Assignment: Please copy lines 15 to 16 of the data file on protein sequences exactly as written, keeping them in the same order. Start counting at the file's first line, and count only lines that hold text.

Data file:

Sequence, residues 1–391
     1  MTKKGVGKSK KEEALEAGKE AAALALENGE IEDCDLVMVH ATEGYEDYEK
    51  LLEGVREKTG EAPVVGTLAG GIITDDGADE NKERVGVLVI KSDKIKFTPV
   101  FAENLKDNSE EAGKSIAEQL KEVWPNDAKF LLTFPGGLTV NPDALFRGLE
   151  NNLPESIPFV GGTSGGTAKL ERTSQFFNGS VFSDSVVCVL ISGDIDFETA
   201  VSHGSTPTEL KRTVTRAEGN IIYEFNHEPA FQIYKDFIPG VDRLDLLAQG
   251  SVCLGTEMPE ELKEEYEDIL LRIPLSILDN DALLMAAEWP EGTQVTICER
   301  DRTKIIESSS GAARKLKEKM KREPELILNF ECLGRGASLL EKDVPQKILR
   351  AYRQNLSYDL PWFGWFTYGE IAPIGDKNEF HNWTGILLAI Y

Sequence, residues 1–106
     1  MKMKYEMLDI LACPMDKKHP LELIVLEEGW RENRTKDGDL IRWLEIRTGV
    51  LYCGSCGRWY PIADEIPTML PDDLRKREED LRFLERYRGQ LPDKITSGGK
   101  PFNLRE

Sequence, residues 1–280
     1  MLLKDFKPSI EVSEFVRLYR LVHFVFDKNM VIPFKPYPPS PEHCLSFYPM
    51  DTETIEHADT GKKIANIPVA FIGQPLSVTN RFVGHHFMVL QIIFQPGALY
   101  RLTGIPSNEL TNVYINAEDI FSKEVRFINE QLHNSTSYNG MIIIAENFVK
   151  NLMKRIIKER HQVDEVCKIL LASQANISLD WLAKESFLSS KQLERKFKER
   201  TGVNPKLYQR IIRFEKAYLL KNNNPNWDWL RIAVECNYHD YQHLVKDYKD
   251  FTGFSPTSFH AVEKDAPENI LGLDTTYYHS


     1  MLLKDFKPSI EVSEFVRLYR LVHFVFDKNM VIPFKPYPPS PEHCLSFYPM
    51  DTETIEHADT GKKIANIPVA FIGQPLSVTN RFVGHHFMVL QIIFQPGALY